Lennar Corp. v. Markel Am. Ins. Co. (Opinion)

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Justia Opinion Summary

Homes built with an exterior insulation and finish system (EIFS) suffer serious water damage that worsens over time. Homebuilder began a remediation program in which it offered to homeowners to remove exterior EIFS from the homes it had built and to replace it with conventional stucco. Almost all the homeowners accepted Homebuilder's offer of remediation. Homebuilder sought indemnification for the costs from its insurers (Insurers). Insurers denied coverage, preferring instead to wait until the homeowners sued. This litigation ensued. Now, only one insurer remained. The court of appeals reversed the trial court's judgment in favor of Homebuilder, finding (1) Homebuilder failed to establish its legal liability to the homeowners to trigger Insurer's coverage; and (2) Homebuilder failed to offer evidence of damages covered by the policy. The Supreme Court reversed, holding (1) Homebuilder's settlements with the homeowners established both Insurer's legal liability for the property damages and the basis for determining the amount of loss; and (2) Insurer's policy covered Homebuilder's entire remediation costs for damaged homes.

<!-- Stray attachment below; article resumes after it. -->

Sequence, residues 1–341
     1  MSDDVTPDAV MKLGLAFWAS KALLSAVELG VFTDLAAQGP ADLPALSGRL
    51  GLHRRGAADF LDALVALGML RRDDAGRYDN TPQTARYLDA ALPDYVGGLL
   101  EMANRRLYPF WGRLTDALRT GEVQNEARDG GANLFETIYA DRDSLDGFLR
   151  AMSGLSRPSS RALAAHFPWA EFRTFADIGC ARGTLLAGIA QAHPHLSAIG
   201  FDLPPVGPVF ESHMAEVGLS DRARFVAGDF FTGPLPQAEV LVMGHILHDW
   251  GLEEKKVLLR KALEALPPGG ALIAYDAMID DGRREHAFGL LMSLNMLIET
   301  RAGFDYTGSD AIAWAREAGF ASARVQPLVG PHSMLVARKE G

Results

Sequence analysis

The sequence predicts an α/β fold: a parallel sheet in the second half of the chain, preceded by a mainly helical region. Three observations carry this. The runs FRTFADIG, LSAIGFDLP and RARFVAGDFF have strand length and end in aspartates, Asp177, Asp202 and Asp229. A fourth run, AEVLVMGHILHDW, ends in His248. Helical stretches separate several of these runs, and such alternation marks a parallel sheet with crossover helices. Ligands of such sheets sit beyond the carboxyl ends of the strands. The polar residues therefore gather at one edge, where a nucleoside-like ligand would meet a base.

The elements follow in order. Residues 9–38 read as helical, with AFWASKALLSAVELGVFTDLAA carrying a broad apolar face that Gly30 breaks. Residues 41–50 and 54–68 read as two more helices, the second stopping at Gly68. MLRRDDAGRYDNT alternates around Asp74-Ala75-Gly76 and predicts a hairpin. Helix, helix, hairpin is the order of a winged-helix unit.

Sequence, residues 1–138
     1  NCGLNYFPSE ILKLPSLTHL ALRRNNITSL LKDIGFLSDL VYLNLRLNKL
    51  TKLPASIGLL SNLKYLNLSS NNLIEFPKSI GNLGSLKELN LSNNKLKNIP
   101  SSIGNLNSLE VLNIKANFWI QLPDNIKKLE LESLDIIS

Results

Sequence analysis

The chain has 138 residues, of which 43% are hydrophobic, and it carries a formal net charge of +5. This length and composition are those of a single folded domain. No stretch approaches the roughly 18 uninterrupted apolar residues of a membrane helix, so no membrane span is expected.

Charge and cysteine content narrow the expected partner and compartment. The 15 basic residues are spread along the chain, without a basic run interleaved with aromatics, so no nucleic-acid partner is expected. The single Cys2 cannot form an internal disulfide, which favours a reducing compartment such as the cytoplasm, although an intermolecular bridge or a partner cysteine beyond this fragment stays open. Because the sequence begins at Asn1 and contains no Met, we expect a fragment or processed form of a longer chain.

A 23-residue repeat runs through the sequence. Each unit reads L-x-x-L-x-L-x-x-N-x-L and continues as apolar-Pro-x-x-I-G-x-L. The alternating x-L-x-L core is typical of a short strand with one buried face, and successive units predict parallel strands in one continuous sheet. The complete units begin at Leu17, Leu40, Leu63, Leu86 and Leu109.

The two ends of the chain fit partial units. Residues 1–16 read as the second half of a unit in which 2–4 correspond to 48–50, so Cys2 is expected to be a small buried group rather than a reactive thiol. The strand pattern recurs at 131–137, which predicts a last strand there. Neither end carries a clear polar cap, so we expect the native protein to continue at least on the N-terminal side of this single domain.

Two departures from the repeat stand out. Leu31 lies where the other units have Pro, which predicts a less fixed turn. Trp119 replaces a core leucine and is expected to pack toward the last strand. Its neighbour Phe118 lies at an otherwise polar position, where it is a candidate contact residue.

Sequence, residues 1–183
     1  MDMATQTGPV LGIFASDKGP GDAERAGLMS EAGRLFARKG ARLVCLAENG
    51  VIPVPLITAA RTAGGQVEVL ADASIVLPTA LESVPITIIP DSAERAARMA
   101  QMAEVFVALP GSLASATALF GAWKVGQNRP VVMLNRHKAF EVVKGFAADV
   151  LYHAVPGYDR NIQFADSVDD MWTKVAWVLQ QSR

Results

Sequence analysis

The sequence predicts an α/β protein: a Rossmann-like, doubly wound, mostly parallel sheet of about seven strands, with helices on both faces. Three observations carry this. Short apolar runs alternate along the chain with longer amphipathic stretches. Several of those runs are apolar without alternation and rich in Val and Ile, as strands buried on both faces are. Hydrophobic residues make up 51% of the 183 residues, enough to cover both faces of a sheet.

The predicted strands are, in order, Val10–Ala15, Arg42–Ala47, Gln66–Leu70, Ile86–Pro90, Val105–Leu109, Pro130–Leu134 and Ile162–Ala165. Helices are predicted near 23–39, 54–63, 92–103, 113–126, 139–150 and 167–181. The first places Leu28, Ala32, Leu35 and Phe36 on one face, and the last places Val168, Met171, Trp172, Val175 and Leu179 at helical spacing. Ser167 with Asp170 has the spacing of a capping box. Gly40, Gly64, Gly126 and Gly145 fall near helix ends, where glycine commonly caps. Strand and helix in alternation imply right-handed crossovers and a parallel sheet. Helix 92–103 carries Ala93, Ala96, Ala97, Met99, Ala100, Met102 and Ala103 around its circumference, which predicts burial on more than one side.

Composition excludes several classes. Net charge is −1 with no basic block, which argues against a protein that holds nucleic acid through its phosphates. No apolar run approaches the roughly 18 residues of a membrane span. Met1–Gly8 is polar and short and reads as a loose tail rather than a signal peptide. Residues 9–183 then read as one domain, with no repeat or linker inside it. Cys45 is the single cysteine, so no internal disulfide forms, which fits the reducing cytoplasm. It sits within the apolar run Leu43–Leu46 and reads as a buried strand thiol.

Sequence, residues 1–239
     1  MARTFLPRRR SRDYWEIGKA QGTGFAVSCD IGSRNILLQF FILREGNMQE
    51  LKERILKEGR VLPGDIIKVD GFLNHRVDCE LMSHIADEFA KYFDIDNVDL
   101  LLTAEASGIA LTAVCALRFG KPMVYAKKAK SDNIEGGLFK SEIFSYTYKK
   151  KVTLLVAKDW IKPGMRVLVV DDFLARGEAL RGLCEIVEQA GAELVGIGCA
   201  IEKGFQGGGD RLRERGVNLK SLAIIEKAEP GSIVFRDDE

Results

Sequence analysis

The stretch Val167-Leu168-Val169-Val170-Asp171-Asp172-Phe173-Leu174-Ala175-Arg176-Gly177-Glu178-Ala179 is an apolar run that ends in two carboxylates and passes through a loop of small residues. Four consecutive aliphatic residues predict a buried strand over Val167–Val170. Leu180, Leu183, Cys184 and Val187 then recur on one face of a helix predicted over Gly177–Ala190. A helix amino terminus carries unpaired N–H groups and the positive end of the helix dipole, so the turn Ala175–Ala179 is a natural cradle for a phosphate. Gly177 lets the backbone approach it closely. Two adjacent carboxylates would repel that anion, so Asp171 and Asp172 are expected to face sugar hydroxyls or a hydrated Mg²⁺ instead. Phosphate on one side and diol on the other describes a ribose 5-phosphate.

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IN THE SUPREME COURT OF TEXAS 444444444444 NO . 11-0394 444444444444 LENNAR CORPORATION, LENNAR HOMES OF TEXAS SALES & MARKETING LTD., AND LENNAR HOMES OF TEXAS LAND & CONSTRUCTION LTD., PETITIONERS, v. MARKEL AMERICAN INSURANCE COMPANY, RESPONDENT 4444444444444444444444444444444444444444444444444444 ON PETITION FOR REVIEW FROM THE COURT OF APPEALS FOR THE FOURTEENTH DISTRICT OF TEXAS 4444444444444444444444444444444444444444444444444444 Argued October 16, 2012 JUSTICE HECHT delivered the opinion of the Court, in which CHIEF JUSTICE JEFFERSON , JUSTICE GREEN , JUSTICE JOHNSON , JUSTICE WILLETT , JUSTICE GUZMAN , JUSTICE LEHRMANN , and JUSTICE DEVINE joined. JUSTICE BOYD filed a concurring opinion. Having determined that homes built with an exterior insulation and finish system ( EIFS ) suffer serious water damage that worsens over time, a homebuilder undertook to remove the product from all the homes it had built and replace it with conventional stucco. The homebuilder s insurers refused to cooperate with this remediation program, preferring instead to wait until homeowners sued, and denied coverage of the costs. This litigation, lasting more than twelve years, ensued. Now, only one insurer remains, and the issues have been winnowed to two: ¢ Not having consented to the homebuilder s remediation program, is the insurer nevertheless responsible for the costs if it suffered no prejudice as a result? ¢ Is the insurer responsible for (i) costs incurred to determine property damage as well as to repair it, and (ii) costs to remediate damage that began before and continued after the policy period? We resolve these issues in the homebuilder s favor, reverse the judgment of the court of appeals,1 and reinstate the judgment of the trial court. I Long used in commercial construction, EIFS was marketed in the early 1990s as an attractive alternative to conventional stucco in home construction. But installed on wood-frame walls typical of single-family homes, EIFS traps water inside, causing rot and structural damage, mildew and mold, and termite infestations.2 Damage is often undetectable from a visual inspection of the exterior of the home. Lennar Corporation and another homebuilder it bought3 built some 800 homes using EIFS, but stopped using it in 1998. After the problems with EIFS were exposed on the NBC television show Dateline in 1999, homeowner complaints poured in. Lennar investigated and learned that the problems associated with EIFS were frequent and substantial. Property damage typically began six to twelve months after EIFS was installed, progressed more or less, depending 1 342 S.W .3d 704 [Lennar II], following remand in Lennar Corp. v. Great Am. Ins. Co., 200 S.W .3d 651 (Tex. App. Houston [14th Dist.] 2006, no pet.) [Lennar I]. 2 The problems with using EIFS in home construction have become familiar to us. See Fresh Coat, Inc. v. K-2, Inc., 318 S.W .3d 893 (Tex. 2010); Pine Oak Builders, Inc. v. Great Am. Lloyds Ins. Co., 279 S.W .3d 650 (Tex. 2009); Don s Bldg. Supply, Inc. v. OneBeacon Ins. Co., 267 S.W .3d 20 (Tex. 2008). 3 Petitioners are Lennar Corporation and two subsidiaries, Lennar Homes of Texas Sales & Marketing Ltd. and Lennar Homes of Texas Land & Construction Ltd. Lennar Corporation bought Village Builders in 1996. All are collectively referred to as Lennar . 2 on the proximity of water due to rain and yard irrigation, and continued until the EIFS was removed. Lennar decided not merely to address complaints as it received them but to contact all its homeowners and offer to remove the EIFS and replace it with conventional stucco. Lennar began its remediation program in 1999 and finished in 2003. Almost all the homeowners accepted Lennar s offer of remediation. A few were paid cash.4 Only three ever sued.5 All settled.6 Early in the process, Lennar notified its insurers that it would seek indemnification for the costs. The insurers refused to participate in Lennar s proactive, comprehensive efforts, preferring instead to wait and respond to homeowners claims one by one. All the insurers denied coverage, and in 2000, Lennar sued. The trial court granted summary judgments for the insurers, and the court of appeals affirmed for all but two: American Dynasty Surplus Lines Insurance Company, which had provided Lennar a $1 million primary commercial general liability policy with an annual $1 million self-insured retention, and Markel American Insurance Company, which had provided a $25 million commercial umbrella policy, in effect from June 1, 1999 through October 19, 2000.7 On remand, Lennar settled with American Dynasty, leaving only its claims against Markel for trial. 4 See Lennar I, 200 S.W .3d at 661 n.4 ( Lennar paid cash settlements to a few homeowners ). 5 Id. at 661 n.3 ( Of the approximately 400 homes involved, only two homeowners filed suit against Lennar. ). The record, however, contains references to three lawsuits. 6 Lennar II, 342 S.W .3d at 714 ( It is undisputed that Lennar entered into a settlement agreement with each homeowner. ). 7 Lennar I, 200 S.W .3d at 685, 691, 704. 3 Among the many disputes the court of appeals resolved was whether Lennar s costs to remove and replace EIFS as a preventative measure were incurred because of . . . property damage and thus covered by the policies.8 The court held they were not: Lennar arguably made a good business decision to remove and replace all the EIFS to prevent further damage. Nonetheless, . . . we cannot conclude that it was necessary for Lennar to remove and replace all the EIFS in order to repair the water damage, if any, to each home. Therefore, the costs incurred by Lennar to remove and replace EIFS as a preventative measure are not [covered]. Accordingly, Lennar must apportion the EIFS-related damages between its costs to remove and replace EIFS as a preventative measure and its costs to repair water damage to the homes.9 Lennar and Markel also disputed whether coverage was precluded by Lennar s failure to comply with Condition E of the policy, which states in part: it is a requirement of this policy that . . . no insured, except at their own cost, voluntarily make any payment, assume any obligation, or incur any expense . . . without [Markel s] consent . Markel had not consented to Lennar s remediation settlements.10 Citing our decision in Hernandez v. Gulf Group Lloyds,11 the court held that Markel s liability was not excused unless it could prove, as a matter of fact, that it had been prejudiced by Lennar s settlements with homeowners.12 Neither Lennar nor Markel sought review of the court of appeals decision. Both have accepted that court s holdings as governing the case. 8 Id. at 677. 9 Id. at 679 680. 10 Id. at 695 n.58. 11 875 S.W .2d 691, 692 694 (Tex. 1994). 12 Lennar I, 200 S.W .3d at 695. 4 At trial against Markel, Lennar offered evidence that the extent of water damage to a home could not be determined without removing all the EIFS, though when that was done, some homes turned out to have only limited damage, and some had none at all. Lennar offered evidence of its remediation costs for only 465 homes that had some water damage, but it included costs for removing and replacing all the EIFS on the homes, even if only part of a home was damaged. Lennar offered no evidence of the costs of work done on a few homes that turned out to be completely undamaged. At Lennar s request, the trial court asked the jury to find for each home the amount incurred in payment of property damage , defined as: ¢ The cost to remove and replace the EIFS in order to access and repair underlying water damage or in order to determine the areas of underlying water damage. ¢ The cost to repair any water damage to the home. ¢ The cost to repair broken windows, cracked driveways, landscaping, and other parts of the home that were damaged in the course of repairing water damage to the home. (Emphasis added.) The court overruled Markel s objections that the italicized phrase did not describe a cost incurred because of . . . property damage under its policy and that Lennar had not segregated covered and uncovered costs as directed by the court of appeals. After hearing evidence for eight days, the jury found that Lennar s defective use of EIFS in home construction create[d] an imminent threat to the health or safety of the inhabitants of the homes , and that Lennar took reasonable steps to cure the construction defect as soon as practicable and within a reasonable time . Lennar argued that these findings established its legal liability to the 5 homeowners under the Residential Construction Liability Act ( RCLA ).13 The jury failed to find that Markel was prejudiced by Lennar s failure to obtain Markel s consent (a) to enter into any compromise settlement agreement, or (b) to voluntarily make any payment, assume any obligation, or incur any expense . The trial court rendered judgment awarding Lennar $2,965,114.16, the damages found by the jury less a $425,000 credit for settlements with other insurers, $2,421,825.89, the attorney fees found by the jury, and $1,227,476.03 in prejudgment interest. The court of appeals reversed and rendered judgment for Markel on two grounds.14 One was that Lennar had not established its legal liability to the homeowners to trigger Markel s coverage.15 The court concluded that the RCLA did not make Lennar legally liable to the homeowners because it does not create a cause of action,16 and that the policy did not allow Lennar to show legal liability to the homeowners using settlements to which Markel had not agreed.17 Markel had also argued that it was prejudiced by Lennar s violation of the consent-to-settlement provision in Condition E, but the court reasoned that it did not need to address that issue given its disposition in the case.18 13 T EX . P RO P . C O DE §§ 27.001 .007. 14 Lennar II, 342 S.W .3d at 716. 15 Id. at 712 16. 16 Id. at 713 714; see T EX . P RO P . C O D E § 27.005 ( This chapter does not create a cause of action . . . . ). The court had not addressed this issue in the first appeal. Lennar I, 200 S.W .3d at 680 n.37 ( In their motions for summary judgment, several carriers argued that Lennar was not legally obligated to pay the EIFS claims because it settled them voluntarily without suits being filed. According to Lennar, [RCLA] legally obligated Lennar to cure construction defects without suits being filed. On appeal, the carriers no longer argue that Lennar was not legally obligated to pay the EIFS claims. (Citation omitted.)). 17 Lennar II, 342 S.W .3d at 714 716. 18 Id. at 715 n.10. The court also rejected Lennar s argument that it was legally liable for using a defective product. Id. at 714. 6 The other ground for the court s decision was that Lennar had not offered evidence of damages covered by the policy. The court concluded that [t]he removal and replacement of EIFS in order to determine the areas of underlying water damage as defined in the charge includes merely removing and replacing EIFS as a preventative measure, whether there was property damage or not. 19 The court expressly did not address Markel s argument that Lennar had not offered evidence of damages occurring during its policy period as opposed to all the years during which Lennar was pursuing remediation.20 We granted Lennar s petition for review.21 We consider first whether Lennar established its legal liability to the homeowners, then whether it properly proved the amount of its loss. II As noted above, Condition E of Markel s policy forbade Lennar, except at [its] own cost, [from] voluntarily mak[ing] any payment, assum[ing] any obligation, or incur[ring] any expense . . . without [Markel s] consent . Though Markel did not consent to Lennar s settlements with homeowners, it concedes, as Lennar I held,22 that this provision does not excuse its liability under the policy unless it was prejudiced by the settlements. Lennar I relied on our decision in Hernandez v. Gulf Group Lloyds.23 There, the parents of a girl killed in a car accident settled with the other 19 Id. at 711. 20 Id. at 712 n.5. 21 55 Tex. Sup. Ct. J. 755, 757 (June 11, 2012). 22 200 S.W .3d at 695. 23 875 S.W .2d 691 (Tex. 1994). 7 driver for his only asset, the limit of his auto insurance policy, which was far less than their damages, then claimed uninsured/underinsured motorist ( UM/UIM ) coverage under their own auto policy.24 Their insurer had not been asked to consent to the settlement and denied the claim based on a policy exclusion for bodily injury . . . with respect to which the insured . . . shall, without written consent of the company, make any settlement with any person . . . who may be legally liable therefor .25 The insureds argued that without a showing that their settlement had prejudiced the insured, they had been denied the UM/UIM protection required by statute.26 We did not reach that argument, concluding instead that prejudice is required by principles of contract law.27 Generally, one party s breach does not excuse the other s performance unless the breach is material.28 One factor in determining materiality is the extent to which the nonbreaching party will be deprived of the benefit that it could have reasonably anticipated from full performance. 29 The insurer had been deprived of only one benefit, its subrogation right against the other driver, and it stipulated that it had not, as a result, incurred any financial loss.30 Thus, we concluded, the insureds breach by settling without 24 Id. at 692. 25 Id. 26 Id. 27 Id. at 692 694. 28 Id. at 692 ( A fundamental principle of contract law is that when one party to a contract commits a material breach of that contract, the other party is discharged or excused from any obligation to perform. ); see also R ESTATEM EN T (S ECO N D ) O F C O N TRACTS § 237 (1981) (stating that with exceptions, it is a condition of each party s remaining duties to render performances to be exchanged under an exchange of promises that there be no uncured material failure by the other party to render any such performance due at an earlier time. ). 29 Id. at 693 (citing R ESTATEM ENT (S ECO N D ) O F C O N TRACTS § 241(a) (1981)). 30 Id. at 693 694. 8 the insurer s consent was not material, the insurer was not prejudiced, and coverage was not excused.31 At trial, Markel vigorously contended that Lennar s settlements were prejudicial, largely because Lennar offered remediation to homeowners with damaged houses who would never have sought redress had Lennar left them alone. The jury did not find Markel s position convincing or conclude that Lennar s remediation program was anything other than a reasonable approach to a serious problem. The jury was entitled to credit evidence that, had Lennar not proceeded as it did, the damages would have worsened and the remediation costs increased. In this Court, Markel nevertheless asserts that it established prejudice as a matter of law. It argues in its brief: When an insurer is not asked to adjust a claim, provide a defense, or be involved in negotiating a settlement, but is simply told it has to pay for a voluntary payment, the insurer has suffered prejudice as a matter of law. That prejudice is even more stark in this case, in which the insured actively solicited claims which might otherwise never have been brought and made payments which were not covered under the Policy.32 Under Hernandez, an insurer establishes prejudice from a settlement to which it did not agree by showing that the insured s unilateral settlement was a material breach of the policy that is, that it significantly impaired the insurer s position. Markel s argument boils down to this had Lennar 31 Id. Amicus curiae, the Complex Insurance Claims Litigation Association, argues that requiring prejudice before enforcing a consent-to-settlement provision simply rewrites the policy, that many jurisdictions impose no such requirement, and that Hernandez should be limited to UM/UIM policies. W e answered the first argument in Hernandez: general contract law requires prejudice. Id. at 692. The second argument is also answered in Hernandez: jurisdictions differ, for various reasons, over the necessity of prejudice. Id. at 693 n.4 (listing cases). In response to the third, nothing in Hernandez suggests that its rationale is limited to the type of insurance coverage involved. 32 Markel s Brief on the Merits 42 43. 9 stonewalled the homeowners, fewer repairs would have been made. On this record, that is a question of fact, not of law, which the jury resolved in Lennar s favor. But Condition E s consent-to-settlement requirement also finds expression in the policy s Insuring Agreement, and Markel argues that it can insist on compliance with this separate provision without proving prejudice. The policy obligates Markel to pay Lennar s ultimate net loss defined as the total amount of [property] damages for which [Lennar] is legally liable 33 and states that such loss may be established by adjudication, arbitration, or a compromise settlement to which we have previously agreed in writing. Markel contends that these three ways for establishing a covered loss are exclusive, and we assume, without deciding, that Markel is correct. Markel argues that this Loss Establishment Provision, unlike Condition E, is central to the policy because of its unmistakeable language and its purpose in preventing insureds from determining loss unilaterally, and therefore any breach is material. Lennar responds that the provision cannot operate differently than Condition E. Assuming Markel is right, that an insurer need not show prejudice from an insured s failure to comply with a policy requirement that is considered essential to coverage ,34 the Loss Establishment Provision does not qualify, certainly not for the reasons Markel argues. Its language is no clearer than Condition E s, and the purpose of the two provisions, precluding liability for the 33 The obligation was, of course, subject to American Dynasty s $1 million primary coverage, Lennar s $1 million self-insured retention, and Markel s $25 million policy limits. 34 Prodigy Commc ns Corp. v. Agric. Excess & Surplus Ins. Co., 288 S.W .3d 374, 381 (Tex. 2009) (citing as an example the requirement in a claims-made-and-reported policy that a claim be reported to the insurer during the policy period or within a specific number of days thereafter). 10 insured s voluntary payments without the insurer s consent, is exactly the same. The Loss Establishment Provision is no more central to the policy than Condition E, and the requirement that Markel show prejudice from Lennar s non-compliance with either operates identically. Markel failed to prove that it was prejudiced in any way by Lennar s settlements. To allow it to argue that Lennar cannot use those non-prejudicial settlements to establish the amount of its loss would plainly subvert the requirement that Markel show that Lennar s non-compliance was material. The jury s failure to find prejudice leaves but one conclusion: that Lennar s loss as shown by the settlements is the amount Markel is obligated to pay under the policy.35 Absent prejudice to Markel, Lennar s settlements with homeowners establish both its legal liability36 for the property damages and the basis for determining the amount of loss.37 III We come now to the question whether the amount of damages found by the jury is covered by Markel s policy. The policy obligated Markel to pay the total amount of Lennar s loss because of property damage that occurred during the policy period , including continuous or repeated exposure to the same general harmful condition . Focusing on because of , the court of appeals 35 We do not, as the concurrence asserts, implicitly base our decision on public policy. Generally, the State s public policy is reflected in its statutes. Town of Flower Mound v. Stafford Estates Ltd. P ship, 135 S.W .3d 620, 628 (Tex. 2004) (internal quotation marks omitted). Our analysis is based on the same settled principles of contract law and textual interpretation of insurance policies on which we based our decision in Hernandez. 36 Markel states in its brief that the settlement agreements did not establish an obligation to pay anything; they commit Lennar to perform repairs. Markel s Brief on the Merits 33. The costs to perform that commitment are Lennar s legal liability. 37 Having reached this conclusion, we need not consider Lennar s contention that its liability was also established by RCLA. 11 held that the policy covers only the cost of repairing home damage, not the cost of locating it, and because Lennar s evidence did not segregate the two, it was entitled to recover nothing.38 Additionally, Markel argues that Lennar s evidence improperly included the cost of repairing home damage that occurred outside the policy period. The court of appeals did not reach this argument.39 We examine each issue in turn. A As we have explained, water damage from EIFS occurs within the walls of homes to which it is applied and thus is often hidden from sight. Lennar s evidence at trial was that the extent of damage to a home cannot be determined without removing all the EIFS. Accordingly, the only cost evidence Lennar presented was for removing all the EIFS from damaged houses, repairing the damage, and recovering the houses with conventional stucco. For a few homes, removal of the EIFS revealed no damage whatever, and Lennar did not offer any evidence of its remediation costs for those homes. But for the homes that had some damage, Lennar did not segregate its cost to repair only the damage found; it included the cost of removing EIFS from the entire house to find all the damaged areas. The jury was asked to find Lennar s costs of determining the areas of water damage as well as repairing them. Markel argues, and the court of appeals held, that the cost of determining the areas of water damage is not covered by the policy. 38 Lennar II, 342 S.W .3d at 711. 39 Id. at 712 n.5. 12 We have noted that the phrase, because of , used in determining a covered loss under a commercial general liability policy, is susceptible to a broad definition. 40 But it need not be read broadly to reach all of Lennar s remediation costs. Under no reasonable construction of the phrase can the cost of finding EIFS property damage in order to repair it not be considered to be because of the damage. We are not confronted with a situation in which the existence of damage was doubtful. Markel concedes that each of the 465 homes for which Lennar sought to recover remediation costs was actually damaged. Nor could Lennar have located all the damage, which was hidden from sight, without removing all the EIFS. The court of appeals characterization of efforts to determine all the damaged areas of homes as preventative measures is not supported by the record. We thus conclude that Lennar s evidence supported the jury s verdict. B According to the evidence at trial, water damage from EIFS begins within six to twelve months after home construction is completed and continues until it is repaired. Lennar stopped using EIFS in 1998. Markel s policy was in effect throughout 1999 and until October 2000. A fair inference from the record is that most of the damage to the homes began before or during Markel s policy period and continued afterward. Markel agrees that all the homes for which Lennar claims remediation costs sustained some damage during the policy period, but it insists that only the costs for remediating the damage in existence during the policy period are covered losses. Lennar concedes that it did not attempt to prove the specific amount of damage to each house during the 40 Zurich Am. Ins. Co. v. Nokia, Inc., 268 S.W .3d 487, 499 (Tex. 2008) (stating with respect to commercial general liability insurance policies, that damages because of bodily injury is susceptible to a broad definition ). 13 policy period but contends that it would be practically impossible to do so and that the policy does not require it. Coverage under Markel s policy is limited to property damage that occurs during the policy period but expressly includes damage from a continuous exposure to the same harmful conditions. For damage that occurs during the policy period, coverage extends to the total amount of loss suffered as a result, not just the loss incurred during the policy period. No question remains that all 465 houses at issue suffered property damage during the policy period, which began before or during the policy period and continued until it was repaired, all because of water trapped in home walls by EIFS applied to wood-frame construction. Thus, the policy covered Lennar s total remediation costs. This reading of the policy is confirmed by our decision in American Physicians Insurance Exchange v. Garcia.41 In the underlying suit, plaintiffs alleged that the defendant physician s negligence in treating their decedent extended over two-and-one-half years, during which the physician was covered at various times by four non-overlapping policies, one with $100,000 limits and the other three with $500,000 limits.42 Plaintiffs contended that the policies could be stacked to provide a total of $1.6 million in coverage and demanded that the insurers settle for that amount. After the insurers refused, plaintiffs obtained a judgment against the physician in excess of that amount, and, as the physician s assignees, sued the insurers under Stowers.43 We rejected the plaintiffs stacking argument, explaining instead: 41 876 S.W .2d 842 (Tex. 1994). 42 Id. at 843 844. 43 Id. at 853. 14 If a single occurrence triggers more than one policy, covering different policy periods, then different limits may have applied at different times. In such a case, the insured s indemnity limit should be whatever limit applied at the single point in time during the coverage periods of the triggered policies when the insured s limit was highest. The insured is generally in the best position to identify the policy or policies that would maximize coverage. Once the applicable limit is identified, all insurers whose policies are triggered must allocate funding of the indemnity limit among themselves according to their subrogation rights.44 Markel dismisses this as dicta, but having said what the policy limits were not, it was important for us to say what they were and why. Our decision provides the rule governing the situation described. Markel argues alternatively that it should be responsible along with Lennar s other insurers only for its pro rata share of the total remediation expenses. Garcia rejects this approach, leaving up to insurers who share responsibility for a loss to allocate it among themselves according to their subrogation rights. Markel urges us to abandon Garcia, based on recent cases in other jurisdictions that take a pro rata approach.45 While we have acknowledged that allocation issues have been treated differently in other jurisdictions,46 the decisions of those courts do not persuade us to reconsider ours in Garcia. We conclude that Markel s policy covered Lennar s entire remediation costs for damaged homes. * 44 * * Id. at 855 (footnote omitted). 45 See Boston Gas Co. v. Century Indem. Co., 910 N.E.2d 290 (Mass. 2009); EnergyNorth Natural Gas, Inc. v. Certain Underwriters at Lloyd s, 934 A.2d 517 (N.H. 2007); Crossmann Cmtys. of N.C., Inc. v. Harleysville Mut. Ins. Co., 717 S.E.2d 589 (S.C. 2011). 46 Don's Bldg. Supply, Inc. v. OneBeacon Ins. Co., 267 S.W .3d 20, 31 n.45 (Tex. 2008). 15 Lennar s responsible efforts to correct defects in its home construction did not absolve Markel of responsibility for the costs under its liability policy. We reverse the judgment of the court of appeals and affirm the judgment of the trial court. Nathan L. Hecht Justice Opinion delivered: August 23, 2013 16